Former News of the World news editor Ian Edmondson revealed yesterday that former editor Colin Myler ordered that Mitchell should be told only in ‘very woolly’ terms that the newspaper would be running a story about the McCanns, without giving any indication of a plan to publish the diary in full.
Mitchell, who works as PR representative for the McCanns, told PRWeek: 'What Edmondson said entirely supported my version of the events, and while its true we did discuss a possibility of a piece going into the paper, I was left with the distinct impression it would be a minor piece, and that it would be entirely supportive.
'It should never have happened. I take some comfort that Edmondson has supported my version of events. It was a fairly insalubrious episode.'
Mitchell, who is Burson-Marsteller's MD, added that he did not rule out being called up to speak in the inquiry in the future.
Elsewhere in the inquiry, Max Clifford dubbed phone-hacking a ‘cancer that now hopefully has been cut out’.
Following his appearance, Clifford told PRWeek: ‘The British public is starting to be aware of the excesses of the media over the past ten years. If nothing else comes out of it, we hope we will have a free press in a democracy.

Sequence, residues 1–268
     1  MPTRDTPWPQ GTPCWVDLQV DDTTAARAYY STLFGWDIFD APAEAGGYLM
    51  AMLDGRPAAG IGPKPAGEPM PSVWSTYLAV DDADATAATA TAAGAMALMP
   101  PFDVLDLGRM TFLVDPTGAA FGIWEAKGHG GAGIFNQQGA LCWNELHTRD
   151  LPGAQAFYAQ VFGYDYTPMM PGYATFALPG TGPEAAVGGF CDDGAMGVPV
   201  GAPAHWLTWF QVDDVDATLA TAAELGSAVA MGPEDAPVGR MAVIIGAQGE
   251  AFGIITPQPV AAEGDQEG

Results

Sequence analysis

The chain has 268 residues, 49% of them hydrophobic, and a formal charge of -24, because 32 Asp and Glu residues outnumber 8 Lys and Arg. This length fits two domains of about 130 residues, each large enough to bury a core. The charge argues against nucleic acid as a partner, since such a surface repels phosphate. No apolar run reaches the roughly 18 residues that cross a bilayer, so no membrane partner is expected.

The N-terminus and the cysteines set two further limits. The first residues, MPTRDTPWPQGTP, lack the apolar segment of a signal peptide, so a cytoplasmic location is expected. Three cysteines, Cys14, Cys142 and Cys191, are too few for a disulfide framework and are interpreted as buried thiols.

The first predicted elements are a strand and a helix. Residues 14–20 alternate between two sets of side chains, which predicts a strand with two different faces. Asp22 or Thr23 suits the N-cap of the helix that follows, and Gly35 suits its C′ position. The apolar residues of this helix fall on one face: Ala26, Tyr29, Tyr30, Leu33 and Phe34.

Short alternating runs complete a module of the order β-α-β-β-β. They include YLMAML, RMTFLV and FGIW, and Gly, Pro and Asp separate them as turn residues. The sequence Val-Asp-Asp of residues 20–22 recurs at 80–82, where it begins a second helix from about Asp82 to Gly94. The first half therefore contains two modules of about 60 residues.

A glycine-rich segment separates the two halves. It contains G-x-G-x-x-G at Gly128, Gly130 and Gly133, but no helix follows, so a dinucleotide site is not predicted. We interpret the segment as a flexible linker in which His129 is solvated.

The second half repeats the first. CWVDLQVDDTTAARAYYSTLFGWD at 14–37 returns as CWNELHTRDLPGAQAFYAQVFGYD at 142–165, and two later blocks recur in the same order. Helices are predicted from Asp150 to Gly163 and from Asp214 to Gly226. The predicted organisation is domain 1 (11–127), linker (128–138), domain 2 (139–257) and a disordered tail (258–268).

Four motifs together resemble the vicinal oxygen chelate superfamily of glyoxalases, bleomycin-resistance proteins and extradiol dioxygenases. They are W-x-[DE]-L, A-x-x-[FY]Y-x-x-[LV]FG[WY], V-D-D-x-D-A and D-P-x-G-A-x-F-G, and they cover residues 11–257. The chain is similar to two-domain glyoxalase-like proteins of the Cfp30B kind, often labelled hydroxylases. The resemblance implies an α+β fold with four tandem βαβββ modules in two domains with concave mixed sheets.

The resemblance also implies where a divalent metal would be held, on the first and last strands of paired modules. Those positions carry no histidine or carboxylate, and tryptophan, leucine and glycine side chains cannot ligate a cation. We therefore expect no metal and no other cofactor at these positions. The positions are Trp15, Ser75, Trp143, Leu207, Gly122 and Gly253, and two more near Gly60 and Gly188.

‘I hope we have an effective press complaints authority that will take care of ordinary members of the public, who at the moment have no-one to protect them.’
Speaking after the inquiry, PRCA chief executive Francis Ingham said that one of the themes to emerge was ‘how central PR professionals are to many, if not most, of the stories those newspapers carry’.
'Given I am clear that our industry performs a predominantly beneficial role in society, the more it is understood, the better,’ added Ingham.
W Communications founder Warren Johnson added: ‘The appearances of Max Clifford and Clarence Mitchell before the Leveson inquiry have highlighted the surprisingly low turn out from the rest of the PR industry.
'The recent Independent story on Bell Pottinger has certainly served to spark wider public interest in the influence that parts of the PR industry do, or allege to, wield. My wider concern, though, is that the inquiry may further erode trust in and credibility of the press, which in turn could negatively affect the role of PR in the eyes of clients and consumers alike.’